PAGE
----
“We have to go back to our roots, which is first and foremost serving the community in which we live," Beutner told KPCC in June. (He declined to comment for this story, citing legal restrictions.)
Beutner used a dramatic metaphor to describe the precarious state of newspapers.
“Think of the newspaper business somewhat like an airplane where you’re running low on fuel," Beutner said. "The longer you can stay at altitude the more time you have to sort out what a digital future looks like.”
As it turns out, Beutner was given very little time. Last month, Tribune Publishing abruptly fired him.
"It was ludicrous," said Kantor. "He was someone who was committed to this community.”
'A walking conflict of interest'
Even though Beutner's disagreements with his bosses in Chicago were well-known, the Times newsroom was stunned by the firing. However, former Times reporter Kevin Roderick, who now blogs about L.A. media, says Beutner wasn’t without his detractors.
“He was a hands-on publisher," said Roderick. "They referred to him as a meddler.”
Roderick says there’s apprehension about Broad, who titled his 2012 memoir “The Art of Being Unreasonable.” Broad has a long history of nasty public spats with institutions such as the L.A. County Museum of Art.
"His instinct for getting the greatest return on his philanthropic dollars — not only in personal aggrandizement but in the freedom to do as he pleases in public institutions — has shadowed what would otherwise be an unmitigated civic good," wrote Connie Bruck in a 2010 New Yorker profile of Broad.
Broad also has strong views on contentious local issues the Times covers — most notably charter schools.
“What he is is a walking conflict of interest," said Roderick. "He’s a rich guy in Los Angeles who has his hands in a lot of things.”
That would not be a problem at the Times as long as there is a strong editor in charge, according to journalism ethics expert Kelly McBride, vice president of academic programs at the Poynter Institute.
"In a way, you want the owner to be an entrenched member of your community, who cares about the community," said McBride. “It certainly creates conflicts of interest, but those conflicts are good tradeoffs compared to a corporation making decisions based on the bottom line.”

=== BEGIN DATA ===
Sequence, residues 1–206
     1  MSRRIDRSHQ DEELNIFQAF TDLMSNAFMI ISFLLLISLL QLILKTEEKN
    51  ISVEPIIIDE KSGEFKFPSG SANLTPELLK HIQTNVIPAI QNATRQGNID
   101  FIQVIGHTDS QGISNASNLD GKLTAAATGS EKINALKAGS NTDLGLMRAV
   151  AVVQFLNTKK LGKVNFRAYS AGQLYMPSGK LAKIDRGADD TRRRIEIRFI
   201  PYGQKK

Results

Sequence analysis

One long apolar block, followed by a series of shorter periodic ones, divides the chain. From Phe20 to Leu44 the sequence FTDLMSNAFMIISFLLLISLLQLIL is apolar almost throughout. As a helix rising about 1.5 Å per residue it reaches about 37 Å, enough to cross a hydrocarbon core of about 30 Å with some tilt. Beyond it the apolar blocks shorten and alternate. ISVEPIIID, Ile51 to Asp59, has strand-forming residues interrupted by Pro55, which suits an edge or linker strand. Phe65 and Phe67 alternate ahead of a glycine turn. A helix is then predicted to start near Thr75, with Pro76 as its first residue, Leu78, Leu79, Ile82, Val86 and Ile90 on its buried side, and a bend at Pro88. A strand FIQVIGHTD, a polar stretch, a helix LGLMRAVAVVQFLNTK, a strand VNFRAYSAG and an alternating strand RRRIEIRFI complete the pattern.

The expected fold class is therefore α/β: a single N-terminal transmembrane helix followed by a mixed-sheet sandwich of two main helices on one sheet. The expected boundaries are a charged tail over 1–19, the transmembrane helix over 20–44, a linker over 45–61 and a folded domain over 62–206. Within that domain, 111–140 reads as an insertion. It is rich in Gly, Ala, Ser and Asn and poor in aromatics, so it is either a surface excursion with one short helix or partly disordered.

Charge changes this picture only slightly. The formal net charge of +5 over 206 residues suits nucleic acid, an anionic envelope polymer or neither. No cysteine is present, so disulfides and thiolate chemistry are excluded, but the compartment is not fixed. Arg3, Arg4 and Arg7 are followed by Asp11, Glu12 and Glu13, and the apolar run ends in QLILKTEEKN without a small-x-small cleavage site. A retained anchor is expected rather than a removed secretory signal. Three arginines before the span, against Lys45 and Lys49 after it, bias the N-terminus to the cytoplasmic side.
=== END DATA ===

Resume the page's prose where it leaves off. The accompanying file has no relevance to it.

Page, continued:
But Marc Cooper, a journalism professor at the USC Annenberg School for Communication and Journalism, says Broad might be better off spending his money elsewhere.
“The newspaper business model doesn’t work currently, and it’s going to erode even further," said Cooper.
As recently as 1999, 1,200 people worked in the Times newsroom. When the current round of buyouts is over, the number will be closer to 450. Daily circulation has fallen by about half a million readers.
Cooper says Broad's and others' campaigns to save the Times seems to be driven mostly by nostalgia for a bygone era before the digital age.
“You have an older group of civic leaders who, probably with noble intentions, would like to save the newspaper they grew up with,” said Cooper.
One of those civic leaders, Dan Schnur, director of the Jesse M. Unruh Institute of Politics at the University of Southern California, disagrees. He says what Beutner was trying to do, and Broad would do, is better position the Times for the future by initiating a two-way conversation with readers.
“Particularly in this changing era of journalism, I think one of the greatest services a newspaper can provide is to serve as a center of the community," said Schnur. "I think it’s a lot to harder to serve that community if you’re not an essential part of it.”
It’s hard to know exactly what that entails – and harder still to see how it can fund a newsroom that costs $75 million a year to operate. For now, that continues to be Tribune Publishing’s job, which has shown little indication it wants to sell the Times to Eli Broad — or anyone else.